©2014, Donald Harbour

The bite of winter

The season’s dog has clamped its jaws,
biting deep into my warm, moist flesh.
It’s bark turning the sky dispiriting grey
as a canopy of death, an ash urn turned
upside down clutching at the life below
with corpse cold fingers. The birds
refuse to fly, those that do soon drop
from heaven, feathered chunks of ice.
To breathe is to inhale shards of glass,
each breath a searing arctic surgery.
The air is still, cloying, a suffocating chill.
Frigidness permeates every pore in the body
making hands useless, hammer struck fingers
ache dangling off reddened fleshy paws.
The end of the year brings the burden
of survival to all creatures; except
those frozen in stillness, burrowed deep in
the earth never knowing the suffering above,
sleeping to awaken when spring triumphs,
banishing old man Winter to his northern realm.

©2013, Donald Harbour

Joyful madness

Potence has overtaken the dawn sky,
a mystical wakefulness in the scene,
a swirling mass of screeching devils,
choreographed jockeying for position.
They are grains of sand in the cosmos,
autumn’s winged disciple vagrant voyagers ,
These calamitous irreverent starlings,
gathering each year for millennium,
a convention of chirping auctioneers,
selling the season to winter’s chill.
Their movement paint on a Van Gogh canvas,
soon one will take command, a leader,
thousands will follow in joyful madness.
There will be evidence of their passing,
tree branches littered with white refuse,
then the tranquility of grateful silence.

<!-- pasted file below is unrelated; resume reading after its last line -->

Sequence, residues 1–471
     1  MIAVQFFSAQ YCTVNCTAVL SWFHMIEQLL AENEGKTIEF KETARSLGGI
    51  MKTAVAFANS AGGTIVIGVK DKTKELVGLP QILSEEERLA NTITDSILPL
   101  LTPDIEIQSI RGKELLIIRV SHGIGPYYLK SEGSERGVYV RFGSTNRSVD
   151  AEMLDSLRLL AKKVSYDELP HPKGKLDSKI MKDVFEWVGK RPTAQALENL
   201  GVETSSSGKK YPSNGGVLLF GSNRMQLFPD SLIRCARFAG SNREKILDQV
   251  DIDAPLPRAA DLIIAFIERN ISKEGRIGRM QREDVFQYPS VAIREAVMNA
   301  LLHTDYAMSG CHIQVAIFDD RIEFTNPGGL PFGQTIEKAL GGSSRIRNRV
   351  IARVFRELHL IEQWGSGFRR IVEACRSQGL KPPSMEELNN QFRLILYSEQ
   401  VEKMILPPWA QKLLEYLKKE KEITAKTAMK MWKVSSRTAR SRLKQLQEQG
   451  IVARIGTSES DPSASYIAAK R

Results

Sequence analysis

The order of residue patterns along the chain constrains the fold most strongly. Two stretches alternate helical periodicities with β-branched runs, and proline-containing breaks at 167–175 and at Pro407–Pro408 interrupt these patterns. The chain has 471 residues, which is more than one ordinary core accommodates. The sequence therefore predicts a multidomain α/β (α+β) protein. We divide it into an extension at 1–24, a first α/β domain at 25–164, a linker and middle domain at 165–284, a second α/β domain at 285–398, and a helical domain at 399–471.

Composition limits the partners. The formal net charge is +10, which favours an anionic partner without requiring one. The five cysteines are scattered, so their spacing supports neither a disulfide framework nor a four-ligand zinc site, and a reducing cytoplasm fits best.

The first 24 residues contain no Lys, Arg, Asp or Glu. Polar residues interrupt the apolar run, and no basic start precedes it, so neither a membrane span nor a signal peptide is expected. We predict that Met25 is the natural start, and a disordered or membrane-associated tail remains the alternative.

I am transfixed by them and I wonder,
did humankind evolve from starlings?

©2013 Donald Harbour

Flowers need a promise

Diana Fritillary butterfly on Mike Harbour’s Zennias.

As flickering bits of confetti,
torn paper cast they float
attaching to flowers and trees.

Flashes of sparkling color,
iridescent hues of the rainbow
trace these aerial spindly creatures.

The trees are telling nature
to get ready for the season’s child
a capricious snowy headed cherub.

Yet here are the last hangers-on,
pausing to pose for a picture
then gliding away to another petal.

Do they smell the air as I,
a mosaic breath of warmth, chill,
blended with damp dead leaves, and musk.

Rest arises from the earth
pushing furry babes to deep burrows,
proclaiming sleep will save you.

Gray has muted the sun’s light,
scudding clouds have dismissed it
they forage to drop their burden.

I wonder why the butterflies linger
defying the moment to drink the last nectar,
fall is waiting with its frosty wings.

Maybe it is because only their kiss
can comfort summer’s passing flowers
to promise resurrection in the spring.

©2012, Donald Harbour

The tale of the Wizard Maerwynn

Circe Invidiosa ("Circe, abounding in env...

Circe Invidiosa ("Circe, abounding in envy") by John William Waterhouse: in the magical tradition, invidia was a danger that could be provoked or turned away by spells

For Stella, Queen of the Fairies, a magical tale.

The child stared at the man’s scarred and wrinkled face,
Her grandfather moaned settling slowly in his place.
A hearth fire glow flickered about the hallowed hall,
As shadows were cast on a rough hewn log wall.
Outside the howl of a fierce winter blizzard storm,
Beat for entry upon the house safe and warm.
She reached out a perfect tiny pink fleshed hand,
Touching the heart and life of this wise aged man.
“Poppy” she called to catch his ear,
He turned his head so to better hear.
“Poppy, tell me the story about a maiden fair,
A tale of Maerwynn with tasseled sun golden hair.”
As she spoke the name the moment seemed to sigh,
A sparkle shown in the old man’s light blue eyes.
Thus he began to weave a tale of long past glory,
The tale of how Maerwynn closed her life story.
“Twas so long ago, far, far in the distant past,
Where lived Maerwynn on the high mountain pass.
Alone with her tomes of forgotten magical lore,
Piled about her on shelves and the cold stone floor.
She had studied all there was to the dark craft,
It had taken her soul, her smile, stolen her laugh.
This life of magic had left her in a word, bored,
A failing the Wizard Maerwynn could not afford.